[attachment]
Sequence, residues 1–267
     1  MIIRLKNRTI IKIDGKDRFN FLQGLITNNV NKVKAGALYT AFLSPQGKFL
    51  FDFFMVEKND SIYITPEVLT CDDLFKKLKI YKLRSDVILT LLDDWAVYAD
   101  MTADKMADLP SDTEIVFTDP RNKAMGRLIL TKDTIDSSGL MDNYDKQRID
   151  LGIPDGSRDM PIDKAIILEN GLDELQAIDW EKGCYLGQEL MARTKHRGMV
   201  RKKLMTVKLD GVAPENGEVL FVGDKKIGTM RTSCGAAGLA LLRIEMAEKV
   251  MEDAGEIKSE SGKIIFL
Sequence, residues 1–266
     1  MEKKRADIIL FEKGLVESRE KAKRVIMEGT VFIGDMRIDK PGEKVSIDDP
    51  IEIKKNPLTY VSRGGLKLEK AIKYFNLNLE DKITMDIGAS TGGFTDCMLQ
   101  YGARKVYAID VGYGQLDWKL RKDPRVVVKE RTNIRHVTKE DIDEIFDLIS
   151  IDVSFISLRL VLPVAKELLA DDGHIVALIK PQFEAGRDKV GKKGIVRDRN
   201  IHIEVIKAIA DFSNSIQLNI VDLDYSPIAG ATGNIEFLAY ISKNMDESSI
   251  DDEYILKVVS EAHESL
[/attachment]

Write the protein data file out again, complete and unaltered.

Sequence, residues 1–267
     1  MIIRLKNRTI IKIDGKDRFN FLQGLITNNV NKVKAGALYT AFLSPQGKFL
    51  FDFFMVEKND SIYITPEVLT CDDLFKKLKI YKLRSDVILT LLDDWAVYAD
   101  MTADKMADLP SDTEIVFTDP RNKAMGRLIL TKDTIDSSGL MDNYDKQRID
   151  LGIPDGSRDM PIDKAIILEN GLDELQAIDW EKGCYLGQEL MARTKHRGMV
   201  RKKLMTVKLD GVAPENGEVL FVGDKKIGTM RTSCGAAGLA LLRIEMAEKV
   251  MEDAGEIKSE SGKIIFL
Sequence, residues 1–266
     1  MEKKRADIIL FEKGLVESRE KAKRVIMEGT VFIGDMRIDK PGEKVSIDDP
    51  IEIKKNPLTY VSRGGLKLEK AIKYFNLNLE DKITMDIGAS TGGFTDCMLQ
   101  YGARKVYAID VGYGQLDWKL RKDPRVVVKE RTNIRHVTKE DIDEIFDLIS
   151  IDVSFISLRL VLPVAKELLA DDGHIVALIK PQFEAGRDKV GKKGIVRDRN
   201  IHIEVIKAIA DFSNSIQLNI VDLDYSPIAG ATGNIEFLAY ISKNMDESSI
   251  DDEYILKVVS EAHESL